COMMENTARY: BC NDP leaves behind past internal baggage

BC NDP leader John Horgan arrives to speak to CUPE members and delegates during a campaign stop at the Victoria Convention Centre in Victoria, B.C., on Friday, April 28, 2017. Chad Hipolito/CP

As the NDP glides into its second year of government, it’s worth noting the party has avoided something that has plagued it for much of its past: disunity and dissension.

Much of the credit for that has to go to party leader and Premier John Horgan, who has displayed strong leadership and has upped his game considerably. The caucus is clearly supportive of him, something that has not always been the case when it comes to NDP leaders.

But there is another reason as well: not only has the party matured, but it has left behind some internal baggage that dogged it for years.

The factions that developed within the party sometimes openly warred each other. I’m not talking about merely airing differences on policies, but more about hostilities that lasted years.

For example, I remember being asked (along with Vancouver Sun columnist Vaughn Palmer) to attend a retirement dinner for then-Attorney General Colin Gabelmann in 1996, put on by the Vancouver law courts.

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When we politely inquired why such NDP luminaries as Moe Sihota and others were not in attendance, we were told that any supporters of former leader Dave Barrett were simply not welcome. Only those who supported Tom Berger in the 1969 leadership race against Barrett had been invited, even though that contest had been almost 30 years earlier.

Talk about long-standing grudges!

But those days of bitter rivalries seem to be very distant now when you examine the current NDP caucus. For one thing, it’s a fairly young group with not a lot of deep connections to the time of any internal strife.

Horgan is the eighth NDP leader that I have dealt with in my time covering B.C. politics full-time. Five of his predecessors faced some serious problems from caucus members challenging their leadership, and it’s worth reviewing the record.

Bob Skelly was almost deposed by a caucus coup just months before the 1986 election, over concerns he could not compete with the charismatic Social Credit leader Bill Vander Zalm (ironically, Skelly’s percentage of the popular vote has not been beaten by any NDP leader since).

Mike Harcourt was never really accepted as leader by a number of members of his own cabinet (let alone the caucus) and that lack of support was why no one tried to talk him out of resigning over the Bingogate scandal.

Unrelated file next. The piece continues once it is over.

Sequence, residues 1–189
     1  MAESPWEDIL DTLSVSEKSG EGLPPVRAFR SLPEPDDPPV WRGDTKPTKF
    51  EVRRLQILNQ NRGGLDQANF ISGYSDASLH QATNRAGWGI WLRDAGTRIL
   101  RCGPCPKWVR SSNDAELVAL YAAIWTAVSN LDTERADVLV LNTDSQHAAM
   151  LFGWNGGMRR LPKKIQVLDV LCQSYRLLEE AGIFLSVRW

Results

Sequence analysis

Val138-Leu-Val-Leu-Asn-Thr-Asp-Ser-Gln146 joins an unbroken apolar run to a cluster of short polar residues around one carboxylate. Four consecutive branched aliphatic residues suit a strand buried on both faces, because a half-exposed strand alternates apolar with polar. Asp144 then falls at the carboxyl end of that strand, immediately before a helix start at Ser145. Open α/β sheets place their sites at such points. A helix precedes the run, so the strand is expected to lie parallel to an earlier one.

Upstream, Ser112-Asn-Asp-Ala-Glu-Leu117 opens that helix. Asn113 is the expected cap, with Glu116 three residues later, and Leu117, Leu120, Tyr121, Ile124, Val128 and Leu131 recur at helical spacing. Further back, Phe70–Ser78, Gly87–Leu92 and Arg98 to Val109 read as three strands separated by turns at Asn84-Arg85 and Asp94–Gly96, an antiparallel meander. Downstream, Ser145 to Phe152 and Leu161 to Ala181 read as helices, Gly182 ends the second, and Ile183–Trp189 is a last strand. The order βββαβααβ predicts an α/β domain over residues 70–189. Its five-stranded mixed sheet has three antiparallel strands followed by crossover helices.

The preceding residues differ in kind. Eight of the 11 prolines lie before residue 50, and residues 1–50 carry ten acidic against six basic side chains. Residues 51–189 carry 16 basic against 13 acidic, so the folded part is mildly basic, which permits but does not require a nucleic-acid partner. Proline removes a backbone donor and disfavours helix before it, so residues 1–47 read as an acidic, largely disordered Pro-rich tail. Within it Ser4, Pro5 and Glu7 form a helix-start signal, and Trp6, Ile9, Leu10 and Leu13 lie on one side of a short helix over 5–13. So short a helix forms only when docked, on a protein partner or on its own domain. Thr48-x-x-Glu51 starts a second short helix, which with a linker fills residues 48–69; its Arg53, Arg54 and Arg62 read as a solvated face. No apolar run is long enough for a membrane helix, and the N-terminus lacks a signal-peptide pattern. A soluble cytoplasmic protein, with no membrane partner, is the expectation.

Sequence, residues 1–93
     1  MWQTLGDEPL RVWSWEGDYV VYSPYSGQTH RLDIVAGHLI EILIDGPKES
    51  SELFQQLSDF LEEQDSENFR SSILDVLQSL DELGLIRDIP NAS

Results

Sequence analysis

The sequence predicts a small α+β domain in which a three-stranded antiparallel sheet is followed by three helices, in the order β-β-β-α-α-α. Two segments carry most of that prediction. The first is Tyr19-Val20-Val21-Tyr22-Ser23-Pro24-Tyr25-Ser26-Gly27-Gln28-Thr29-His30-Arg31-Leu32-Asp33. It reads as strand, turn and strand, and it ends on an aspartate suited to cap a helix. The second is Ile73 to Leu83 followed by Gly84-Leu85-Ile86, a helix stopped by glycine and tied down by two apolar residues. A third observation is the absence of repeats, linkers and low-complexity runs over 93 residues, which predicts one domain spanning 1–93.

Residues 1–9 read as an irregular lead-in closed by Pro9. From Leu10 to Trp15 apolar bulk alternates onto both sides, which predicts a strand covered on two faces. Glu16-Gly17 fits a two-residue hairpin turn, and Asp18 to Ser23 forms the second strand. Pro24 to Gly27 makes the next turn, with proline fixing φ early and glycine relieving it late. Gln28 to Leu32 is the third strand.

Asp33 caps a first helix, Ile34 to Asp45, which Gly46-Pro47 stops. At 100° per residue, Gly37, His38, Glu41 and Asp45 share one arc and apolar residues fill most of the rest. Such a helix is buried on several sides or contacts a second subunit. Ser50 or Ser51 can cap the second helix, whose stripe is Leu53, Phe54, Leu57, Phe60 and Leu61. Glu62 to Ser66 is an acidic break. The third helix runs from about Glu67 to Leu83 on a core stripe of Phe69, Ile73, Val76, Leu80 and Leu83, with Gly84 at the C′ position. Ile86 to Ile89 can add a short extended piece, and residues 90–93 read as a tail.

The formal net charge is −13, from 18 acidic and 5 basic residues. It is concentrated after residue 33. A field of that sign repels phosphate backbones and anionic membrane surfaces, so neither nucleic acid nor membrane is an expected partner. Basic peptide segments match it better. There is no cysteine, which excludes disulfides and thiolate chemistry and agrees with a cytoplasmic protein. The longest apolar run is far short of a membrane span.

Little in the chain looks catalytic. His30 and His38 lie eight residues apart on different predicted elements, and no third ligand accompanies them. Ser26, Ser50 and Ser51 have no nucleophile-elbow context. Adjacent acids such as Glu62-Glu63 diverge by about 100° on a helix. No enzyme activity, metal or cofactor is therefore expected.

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Glen Clark was facing mounting caucus criticism even before the whole casinogate affair began to unravel, ultimately forcing him to resign. His eventual successor, Ujjal Dosanjh, won a very divisive leadership race and he remains someone many New Democrats openly dislike (former leader Adrian Dix pointedly left Dosanjh off the list of all B.C. NDP leaders that he recited at an NDP convention).

Then there was the dramatic takedown of Carole James as leader, a bruising public spectacle that has left scars that are only now beginning to heal.

But it is hard to envision Horgan facing these kinds of internal challenges. His strong election campaign showing is the major reason the party is in power, and there are absolutely no signs of internal grumbling.

Of course, being able to form government after 16 long years in Opposition is going to put a lot of smiles on NDP faces. But bear in mind that it went through four leaders during its 10 years in power in the 1990s, so holding power does not necessarily keep a lid on internal dissent.

To be sure, Horgan has to walk a political tightrope on a number of issues (the Kinder Morgan pipeline, LNG, Site C dam, resource development in general, climate action, ridesharing, etc.) that can easily divide his party and his caucus if not handled with care.

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And if this province switches to a proportional representation model of electing governments, it may be challenging for Horgan (and whoever eventually succeeds him as leader) to keep the coalition that is the NDP fully intact.

But one year in and things are looking good on the unity front. For a party with a long history of feasting on its leaders, that bodes well for its future.

Keith Baldrey is chief political correspondent for Global BC. This is reprinted from his weekly column with Glacier Media.

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